Apparently my hunch about the recent humanoid being the standard platform for the DARPA Autonomous Robot Manipulation Software (ARM-S) program was spot-on! A new blog post on ROS.org confirms that this is the DARPA "ARM Robot" and that there is a public contest to name the robot. The blog post gives a few hardware details: "The 'ARM Robot' has two Barrett WAM arms, BarrettHands, 6-axis force torque sensors at the wrist, and pan-tilt head. For sensors, it has a color camera, SwissRanger depth camera, stereo camera, and microphone." The program winners are also enumerated: Carnegie Mellon University, HRL Laboratories, iRobot, NASA-Jet Propulsion Laboratory, SRI International and University of Southern California. Be sure to check out the video of the (now confirmed) unnamed DARPA ARM-S robot platform embedded below. Updated Sept. 1st, 2010: This robot was integrated / developed by RE2, a Carnegie Mellon spin-off located in Pittsburgh, PA that specializes in agile defense robotics with an emphasis on intelligent mobile manipulation platforms.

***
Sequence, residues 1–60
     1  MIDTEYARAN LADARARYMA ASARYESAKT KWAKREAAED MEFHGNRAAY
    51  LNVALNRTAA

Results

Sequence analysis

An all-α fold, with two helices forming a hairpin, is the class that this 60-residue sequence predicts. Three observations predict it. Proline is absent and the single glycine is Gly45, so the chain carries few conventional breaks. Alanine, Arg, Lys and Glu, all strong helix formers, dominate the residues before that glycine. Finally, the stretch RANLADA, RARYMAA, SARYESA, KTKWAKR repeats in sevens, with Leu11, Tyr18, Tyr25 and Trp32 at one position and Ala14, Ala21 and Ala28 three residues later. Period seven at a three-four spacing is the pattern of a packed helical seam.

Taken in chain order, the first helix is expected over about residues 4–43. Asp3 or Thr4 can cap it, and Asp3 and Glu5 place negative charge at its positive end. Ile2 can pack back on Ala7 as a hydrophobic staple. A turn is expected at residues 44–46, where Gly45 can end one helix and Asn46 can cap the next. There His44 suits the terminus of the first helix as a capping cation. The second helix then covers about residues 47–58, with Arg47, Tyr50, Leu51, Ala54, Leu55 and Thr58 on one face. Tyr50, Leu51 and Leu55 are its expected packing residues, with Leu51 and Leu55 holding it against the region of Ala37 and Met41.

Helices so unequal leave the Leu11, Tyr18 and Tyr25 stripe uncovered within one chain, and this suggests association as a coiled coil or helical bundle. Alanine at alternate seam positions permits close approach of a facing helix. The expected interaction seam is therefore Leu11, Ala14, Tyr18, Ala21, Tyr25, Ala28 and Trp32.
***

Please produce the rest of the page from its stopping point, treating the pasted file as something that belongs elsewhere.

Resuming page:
As I mentioned, SRI International is apparently looking for qualified applicants to work on this robot.
The DARPA ARM homepage has a few CAD drawings that give a better idea of the overall design:
Here is what the DARPA ARM homepage has to say about the program:
DARPA is introducing its Autonomous Robotic Manipulation (ARM) program. The goal of this 4 year, multi-track program is to develop software and hardware that allows an operator to control a robot which is able to autonomously manipulate, grasp and perform complicated tasks, given only high-level direction. Over the course of the program in the Software Track, funded performers will be developing algorithms that enables the DARPA robot to execute these numerous tasks. DARPA is also making an identical robot available for public use. Allowing anyone the opportunity to write software, test it in simulation, upload it to the actual system, and then watch, in real-time via the internet, as the DARPA robot executes the user's software. Teams involved in this Outreach Track will be able to compete and collaborate with other teams from around the country.
Updated Sept. 1st, 2010: InformationWeek just put up a press release that lists the winners of ARM's hardware track (ARM-H):
Teams working on the hardware for the program come from iRobot, Sandia National Laboratories, and SRI International, who are developing designs for new multi-finger hands. Development will focus on keeping costs low with high design quality, according to DARPA.